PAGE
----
Today, in a federal courtroom in Tucson, Arizona, former U.S. Rep. Gabrielle Giffords and other victims and family were in attendance as Jared Loughner, 24, was sentenced to life in prison for the murder of six people and wounding of 13.
Loughner, who opened fire in a supermarket parking lot during a Congress on Your Corner gathering in January 2011, was sentenced to seven consecutive life sentences and 140 years according to USA Today.
“This sentence assures that he will never be released from prison,” stated U.S. Attorney John S. Leonardo in a post-sentencing statement.
Joining Giffords in the courtroom was her husband Mark Kelly, who had one last statement for Loughner, “You tried to create a world as dark and evil as your own. Remember this: You failed.”
USA Today also states that in compliance with terms of a plea agreement reached in August by prosecutors and defense attorneys, Loughner will spend the rest of his life in prison – most likely in a federal prison psychiatric ward.
“It is our hope that the six members of our community who lost their lives on January 8, 2011 will never be forgotten: Christina-Taylor Green, Dorothy Morris, John M. Roll, Phyllis Schneck, Dorwan Stoddard, and Gabriel M. Zimmerman. There is a permanent void in the lives of all they left behind,” Leonardo said in the statement. “For the family members of those who were killed, and for those that survived this terrible event, it is our hope that the final resolution of this case will be a positive step towards their healing process physically, emotionally, and psychologically. It was with them in mind that we offered this plea agreement to the defendant. We also believe that this sentence is appropriate in light of Jared Loughner’s severe mental illness.”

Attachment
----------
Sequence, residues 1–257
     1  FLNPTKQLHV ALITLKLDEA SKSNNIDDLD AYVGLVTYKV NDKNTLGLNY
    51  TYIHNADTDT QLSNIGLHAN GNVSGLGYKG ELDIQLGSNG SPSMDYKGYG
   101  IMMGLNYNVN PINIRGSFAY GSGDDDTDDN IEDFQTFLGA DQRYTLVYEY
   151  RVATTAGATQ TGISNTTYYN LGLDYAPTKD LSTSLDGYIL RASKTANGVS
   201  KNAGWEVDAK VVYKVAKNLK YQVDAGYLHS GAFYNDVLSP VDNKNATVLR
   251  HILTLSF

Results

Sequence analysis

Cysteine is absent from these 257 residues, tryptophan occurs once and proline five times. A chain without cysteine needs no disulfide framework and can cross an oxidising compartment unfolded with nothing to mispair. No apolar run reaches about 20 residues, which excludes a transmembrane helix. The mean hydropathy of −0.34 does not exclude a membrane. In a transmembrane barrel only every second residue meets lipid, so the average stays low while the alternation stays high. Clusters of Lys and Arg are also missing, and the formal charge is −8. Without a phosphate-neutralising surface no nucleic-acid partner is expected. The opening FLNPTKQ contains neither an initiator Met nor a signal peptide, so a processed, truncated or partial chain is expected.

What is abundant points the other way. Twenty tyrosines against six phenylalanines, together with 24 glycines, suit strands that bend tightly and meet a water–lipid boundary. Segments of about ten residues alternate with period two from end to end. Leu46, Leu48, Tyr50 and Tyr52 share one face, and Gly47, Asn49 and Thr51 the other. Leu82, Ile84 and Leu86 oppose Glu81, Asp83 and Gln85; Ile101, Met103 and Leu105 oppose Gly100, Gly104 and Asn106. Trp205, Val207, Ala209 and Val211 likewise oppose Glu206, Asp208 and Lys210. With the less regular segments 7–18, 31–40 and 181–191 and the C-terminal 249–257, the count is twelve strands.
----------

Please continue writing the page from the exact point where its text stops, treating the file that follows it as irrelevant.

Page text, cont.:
As reported by USA Today, Pam Simon, one of the victims and a former Giffords aide, told the court, "I want this to be over. I came here seeking peace." She told Loughner she knew he did not seek his mental illness, and that she had learned from the tragedy.
"I have been humbled and inspired by the strength and determination of other survivors," Simon said.
“Tucson has moved forward from this tragedy with hope, optimism, and a renewed sense of shared humanity,” Leonardo said.
That strength and optimism Simon and Leonardo address, resonates throughout the community and the victims, including Giffords who stepped down from her position as U.S. Rep. for Arizona’s 8th Congressional District on January 22, to focus on recovery.